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CO2 Budget Depletion

19 Aug 2023 | California

Hilary – California’s first-ever tropical storm warning

Amidst a summer marked by extraordinary climatic events, an uncanny and terrifying forecast looms over the American Southwest this weekend: California’s first-ever tropical storm warning.
Hurricane Hilary, originating off Mexico’s western shores, is taking direct aim for Southern California, triggering another first-ever extreme weather warning, this time a Level 4/4 for rainfall. This hurricane, which had intensified to a Category 4 with sustained winds of 145mph/233kph by Friday morning, is predicted to continue to weaken as it slams into the Baja California peninsula in the wee hours of Sunday before reaching southern California later tomorrow as a tropical storm. Upon hitting California, this would be the state’s first such storm in nearly 85 years.
Whilst the winds may no longer be Category 4 upon landfall, forecasts from the National Oceanic and Atmospheric Administration’s Weather Prediction Center warn of the possibility of inland areas in Southern California receiving up to 2-3 years of rainfall in as many days. The potential for flooding throughout northwestern Mexico and southwestern US extends far beyond these projections and is partially driven by heightened storm surges associated with the winds.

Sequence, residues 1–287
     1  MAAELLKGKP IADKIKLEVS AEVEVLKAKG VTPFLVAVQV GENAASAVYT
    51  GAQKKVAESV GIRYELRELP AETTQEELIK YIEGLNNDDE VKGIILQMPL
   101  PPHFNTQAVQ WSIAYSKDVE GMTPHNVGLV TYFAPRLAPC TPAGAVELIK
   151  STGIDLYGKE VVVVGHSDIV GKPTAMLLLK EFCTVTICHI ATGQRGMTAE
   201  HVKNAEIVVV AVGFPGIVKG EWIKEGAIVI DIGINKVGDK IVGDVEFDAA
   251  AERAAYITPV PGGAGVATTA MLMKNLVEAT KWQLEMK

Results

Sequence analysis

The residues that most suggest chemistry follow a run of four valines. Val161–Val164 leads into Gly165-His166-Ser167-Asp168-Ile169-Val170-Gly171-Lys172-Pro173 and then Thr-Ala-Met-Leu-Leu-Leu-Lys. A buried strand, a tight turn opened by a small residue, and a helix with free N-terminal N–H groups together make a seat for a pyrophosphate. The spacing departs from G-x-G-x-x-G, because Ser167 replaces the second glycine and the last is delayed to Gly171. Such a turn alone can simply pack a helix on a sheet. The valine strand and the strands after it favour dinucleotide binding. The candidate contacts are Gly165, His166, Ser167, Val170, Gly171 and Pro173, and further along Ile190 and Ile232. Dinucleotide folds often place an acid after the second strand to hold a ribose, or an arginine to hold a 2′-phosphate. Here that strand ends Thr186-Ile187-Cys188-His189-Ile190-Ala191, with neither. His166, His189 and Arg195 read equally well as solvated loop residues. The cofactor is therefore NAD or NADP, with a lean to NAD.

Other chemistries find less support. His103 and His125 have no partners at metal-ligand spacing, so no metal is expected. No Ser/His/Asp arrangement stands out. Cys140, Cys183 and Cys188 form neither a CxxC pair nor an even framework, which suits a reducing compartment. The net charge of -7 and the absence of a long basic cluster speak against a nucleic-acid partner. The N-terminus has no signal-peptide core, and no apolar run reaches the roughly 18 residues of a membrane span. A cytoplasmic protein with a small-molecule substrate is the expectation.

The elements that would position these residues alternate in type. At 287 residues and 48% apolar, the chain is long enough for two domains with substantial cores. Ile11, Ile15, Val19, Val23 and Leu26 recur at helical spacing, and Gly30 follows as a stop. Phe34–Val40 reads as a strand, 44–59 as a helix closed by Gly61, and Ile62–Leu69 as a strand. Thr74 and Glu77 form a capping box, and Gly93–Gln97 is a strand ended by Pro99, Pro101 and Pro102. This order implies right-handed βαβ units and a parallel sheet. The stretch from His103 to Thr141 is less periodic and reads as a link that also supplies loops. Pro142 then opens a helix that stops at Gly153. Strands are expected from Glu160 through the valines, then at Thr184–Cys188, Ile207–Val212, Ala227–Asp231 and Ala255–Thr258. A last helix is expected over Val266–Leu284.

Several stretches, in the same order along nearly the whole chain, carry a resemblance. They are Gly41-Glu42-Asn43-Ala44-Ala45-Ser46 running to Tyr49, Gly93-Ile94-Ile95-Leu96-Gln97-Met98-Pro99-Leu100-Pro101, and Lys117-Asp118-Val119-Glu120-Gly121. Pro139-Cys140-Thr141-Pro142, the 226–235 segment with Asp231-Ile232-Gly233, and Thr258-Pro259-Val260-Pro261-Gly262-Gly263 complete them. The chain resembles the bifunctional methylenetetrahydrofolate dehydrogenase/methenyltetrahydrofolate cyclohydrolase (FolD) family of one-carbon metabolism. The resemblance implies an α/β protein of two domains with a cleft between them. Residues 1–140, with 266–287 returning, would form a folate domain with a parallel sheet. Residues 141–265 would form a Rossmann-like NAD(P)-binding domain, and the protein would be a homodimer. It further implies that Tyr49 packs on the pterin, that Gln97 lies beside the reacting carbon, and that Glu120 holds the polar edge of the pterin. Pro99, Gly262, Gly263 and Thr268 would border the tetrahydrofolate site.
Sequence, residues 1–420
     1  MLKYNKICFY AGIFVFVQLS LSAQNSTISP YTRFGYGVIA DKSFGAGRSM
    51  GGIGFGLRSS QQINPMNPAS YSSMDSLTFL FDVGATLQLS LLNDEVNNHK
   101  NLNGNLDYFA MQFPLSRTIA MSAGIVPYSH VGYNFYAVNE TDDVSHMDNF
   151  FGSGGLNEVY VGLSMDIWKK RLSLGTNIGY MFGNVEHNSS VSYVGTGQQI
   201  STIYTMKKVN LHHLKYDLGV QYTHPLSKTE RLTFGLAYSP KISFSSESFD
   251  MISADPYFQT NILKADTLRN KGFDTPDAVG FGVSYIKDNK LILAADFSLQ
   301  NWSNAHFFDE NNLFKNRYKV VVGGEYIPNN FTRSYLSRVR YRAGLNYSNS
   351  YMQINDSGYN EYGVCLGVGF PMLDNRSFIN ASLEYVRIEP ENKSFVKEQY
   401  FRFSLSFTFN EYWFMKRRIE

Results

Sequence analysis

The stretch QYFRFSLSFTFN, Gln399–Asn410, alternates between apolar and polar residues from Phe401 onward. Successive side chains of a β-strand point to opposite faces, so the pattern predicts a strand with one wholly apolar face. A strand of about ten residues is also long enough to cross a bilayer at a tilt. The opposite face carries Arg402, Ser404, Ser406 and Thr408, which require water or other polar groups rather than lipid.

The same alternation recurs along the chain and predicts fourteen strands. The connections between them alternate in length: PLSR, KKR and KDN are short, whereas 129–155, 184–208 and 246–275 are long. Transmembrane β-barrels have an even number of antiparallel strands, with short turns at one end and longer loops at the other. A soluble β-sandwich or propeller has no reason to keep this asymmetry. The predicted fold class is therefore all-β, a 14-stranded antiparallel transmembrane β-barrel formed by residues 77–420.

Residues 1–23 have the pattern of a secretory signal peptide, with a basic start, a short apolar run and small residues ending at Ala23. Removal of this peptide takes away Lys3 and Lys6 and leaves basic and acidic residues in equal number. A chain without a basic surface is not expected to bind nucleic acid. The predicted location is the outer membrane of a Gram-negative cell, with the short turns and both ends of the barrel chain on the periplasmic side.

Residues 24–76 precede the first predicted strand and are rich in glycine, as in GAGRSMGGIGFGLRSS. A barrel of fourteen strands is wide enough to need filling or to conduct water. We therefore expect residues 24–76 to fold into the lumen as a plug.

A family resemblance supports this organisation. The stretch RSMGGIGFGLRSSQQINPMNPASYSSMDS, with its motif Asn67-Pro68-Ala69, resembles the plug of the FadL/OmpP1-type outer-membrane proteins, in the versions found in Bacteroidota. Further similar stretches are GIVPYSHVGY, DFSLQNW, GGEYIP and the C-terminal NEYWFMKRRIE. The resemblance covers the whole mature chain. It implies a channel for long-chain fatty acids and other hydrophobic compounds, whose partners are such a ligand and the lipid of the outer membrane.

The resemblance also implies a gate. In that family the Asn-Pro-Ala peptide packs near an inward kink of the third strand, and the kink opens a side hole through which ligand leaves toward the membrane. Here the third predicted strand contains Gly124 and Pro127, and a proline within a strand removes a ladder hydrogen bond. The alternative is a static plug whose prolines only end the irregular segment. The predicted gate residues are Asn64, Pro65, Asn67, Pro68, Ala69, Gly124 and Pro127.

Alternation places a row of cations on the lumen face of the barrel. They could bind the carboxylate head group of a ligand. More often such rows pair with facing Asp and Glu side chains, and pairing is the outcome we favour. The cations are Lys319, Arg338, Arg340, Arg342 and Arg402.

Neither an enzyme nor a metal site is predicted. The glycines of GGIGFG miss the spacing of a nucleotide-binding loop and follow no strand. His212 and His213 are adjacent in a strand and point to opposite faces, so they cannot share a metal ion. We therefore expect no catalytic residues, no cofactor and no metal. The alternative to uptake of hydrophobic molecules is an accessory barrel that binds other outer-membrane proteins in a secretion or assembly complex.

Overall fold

Throughout Hilary’s track across northwestern Mexico and the southwestern US, the winds are expected to down trees and powerlines and cause significant property damage. The increased likelihood of rapidly intensifying storms such as Hilary can be attributed to climate change. As the oceans and atmosphere warm, they are able to feed more powerful storms with more intense rain. Storm surges are also increased due to sea level rise stemming from polar melt and thermal expansion from the warming ocean.
Although the Arctic is far away, both its glacial melt and its lessening ability to act as the world’s thermostat are driving sea level increases and ocean and atmospheric changes that are feeding the drivers and impacts of this storm.
If you’re in California, check out for critical updates affecting your area. Emergency tips for everyone in the storm’s trajectory can be found here from the American Red Cross.
Read more about extreme weather like this on our Global Risks page.
Image: Hurricane Hilary Barrels Toward Baja California – NASA



The following gauges show up-to-date data regarding key indicators in the Arctic. These indicators clearly point to the crisis at hand.

Greenland rate of ice loss
13 million l/s
on average
13 million tonnes/s
on average
Arctic Sea Ice Extent
598,749 km²
below 1981-2010 average on 27-May-2024
231,177 mi²
below 1981-2010 average on 27-May-2024
Arctic Amplification
4 times
faster than global average
Arctic 66N+ Wildfire emissions
46.05 megatonnes CO₂e
CO₂e emissions in 2024 so far
Arctic Air Quality (PM2.5)
2.66 microgram per cubic meter
on 28-May-2024
Global mean Sea Level
since 1993